Christian Science: A Religion of Doing
Judge William G. Ewing, C.S.B.
Member of the Board of Lectureship of The Mother Church,
The First Church of Christ, Scientist, in Boston, Massachusetts
Son of God! Saviour of men! Thy name
Shall be the copious matter of my song.
I assume it to be the earnest desire of Christian people all around the globe, so to concentrate and unify Christian thought and Christian endeavor that the highest and best there is in them may, without let or hindrance, be fixed upon the promotion of the reign of righteousness, the establishment of the kingdom of God in this world. To this consummation Christian Scientists are devoted by every sense of obedience, gratitude, and duty. I appear before you tonight in no spirit of proselytism or mere denominational aggrandizement, but in the very essence of the great commandment, "Love thy neighbor as thyself," to bring to you the story of the best that ever came into their lives, that it may impart a new joy to yours; not to thrust it upon you, but simply to hold it out, in the Master's name, as something for you to weigh in the scales of your best judgment, in your opportunity, your environment, your conscience, and to make your own, if you will.
Introductory to the discussion, I desire to tell you something about Mrs. Eddy, who by searching the Scriptures discovered Christian Science and gave it to the world, for as you come to know her, you will, like every other good person, who does know her, love her for the contribution she has made to the happiness of mankind. I do not intend to pronounce a fulsome eulogy upon this great woman; such an effort would not be in keeping with my own idea of the proprieties of the occasion, and would, I am sure, be offensive to her. She is not seeking the praise of men, but the friendly companionship of her own conscience and the favor of God. She is far from being indifferent to the commendation of her fellows, but she values it only in the exact ratio that the real purpose of her life and the accomplishment of that purpose justly commands the respect of the good everywhere. In her long "walk and conversation" in life Mrs. Eddy has presented as conspicuous an example of gentle, unselfish, ministering womanhood as rests in benediction upon mankind; but there is a large community of respectable, liberal-minded people who do not, but would, understand Mrs. Eddy, and it is to this class I address myself.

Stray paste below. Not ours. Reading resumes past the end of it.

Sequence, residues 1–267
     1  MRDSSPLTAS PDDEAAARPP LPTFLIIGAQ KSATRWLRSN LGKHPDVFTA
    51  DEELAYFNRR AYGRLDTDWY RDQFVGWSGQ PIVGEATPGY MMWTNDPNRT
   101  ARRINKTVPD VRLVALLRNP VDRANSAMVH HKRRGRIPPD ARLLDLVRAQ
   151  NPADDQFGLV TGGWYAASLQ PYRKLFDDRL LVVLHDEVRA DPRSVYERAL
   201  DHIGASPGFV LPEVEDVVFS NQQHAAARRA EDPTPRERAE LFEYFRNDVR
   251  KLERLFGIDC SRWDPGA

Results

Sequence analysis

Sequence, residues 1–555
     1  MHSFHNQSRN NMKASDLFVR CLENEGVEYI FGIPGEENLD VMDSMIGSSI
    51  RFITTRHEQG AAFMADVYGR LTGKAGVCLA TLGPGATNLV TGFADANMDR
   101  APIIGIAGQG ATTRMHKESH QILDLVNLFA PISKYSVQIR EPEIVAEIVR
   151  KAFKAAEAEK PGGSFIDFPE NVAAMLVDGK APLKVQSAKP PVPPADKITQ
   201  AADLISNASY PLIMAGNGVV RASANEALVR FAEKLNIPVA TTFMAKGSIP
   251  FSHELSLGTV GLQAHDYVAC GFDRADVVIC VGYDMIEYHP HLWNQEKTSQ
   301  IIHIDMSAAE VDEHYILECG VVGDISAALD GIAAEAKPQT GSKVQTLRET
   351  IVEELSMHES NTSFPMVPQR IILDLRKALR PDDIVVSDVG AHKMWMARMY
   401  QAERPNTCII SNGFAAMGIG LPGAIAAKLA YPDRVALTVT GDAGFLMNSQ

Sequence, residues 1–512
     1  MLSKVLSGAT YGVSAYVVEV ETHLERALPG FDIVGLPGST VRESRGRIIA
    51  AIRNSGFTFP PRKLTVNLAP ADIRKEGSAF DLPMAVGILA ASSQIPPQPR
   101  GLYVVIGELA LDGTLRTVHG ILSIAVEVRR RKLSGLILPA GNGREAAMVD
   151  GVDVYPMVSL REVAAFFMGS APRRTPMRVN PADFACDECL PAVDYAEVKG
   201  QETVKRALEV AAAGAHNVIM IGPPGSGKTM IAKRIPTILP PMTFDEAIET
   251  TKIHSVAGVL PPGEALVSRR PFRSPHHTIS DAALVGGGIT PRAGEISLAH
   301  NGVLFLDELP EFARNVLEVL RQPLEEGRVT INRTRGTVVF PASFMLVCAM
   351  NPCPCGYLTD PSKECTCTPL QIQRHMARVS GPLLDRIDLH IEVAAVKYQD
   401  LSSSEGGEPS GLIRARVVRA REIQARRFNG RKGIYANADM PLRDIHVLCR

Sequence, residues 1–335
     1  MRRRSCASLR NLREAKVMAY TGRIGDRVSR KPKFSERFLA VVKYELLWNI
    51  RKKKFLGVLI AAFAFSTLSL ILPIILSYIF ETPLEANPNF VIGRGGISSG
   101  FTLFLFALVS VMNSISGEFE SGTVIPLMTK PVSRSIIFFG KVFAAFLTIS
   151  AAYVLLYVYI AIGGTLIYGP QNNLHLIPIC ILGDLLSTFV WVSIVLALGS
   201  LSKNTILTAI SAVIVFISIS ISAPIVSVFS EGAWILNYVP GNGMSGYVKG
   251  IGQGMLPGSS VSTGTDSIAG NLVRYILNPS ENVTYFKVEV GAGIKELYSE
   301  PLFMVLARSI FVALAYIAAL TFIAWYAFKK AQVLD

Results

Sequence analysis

If I have rightly caught the current of thought respecting Mrs. Eddy, industriously promulgated by the protestants against her church, it is this: That she is an ambitious woman, laboring for personal distinction and her own preferment, and that to such accomplishment she has builded a great church and dotted the globe with its beautiful chapels and magnificent temples. Many people think that they think this of Mrs. Eddy. Now, with many years of abundant opportunity to know, may I not say to you, with some hope of your believing me, that such an impression of Mrs. Eddy has no basis in any fact of her life. A moment's reflection will convince any fair-minded person that Mrs. Eddy needs no triumph of the builder's art to keep her name secure against the cankering touch of time; she already has a monument reaching above the stars, more firmly based than the everlasting hills, outlasting tablets of granite or marble or brass, a monument which is reared in the grateful hearts of many thousands of men and women, to whom she has given roses for ashes and song for sighing.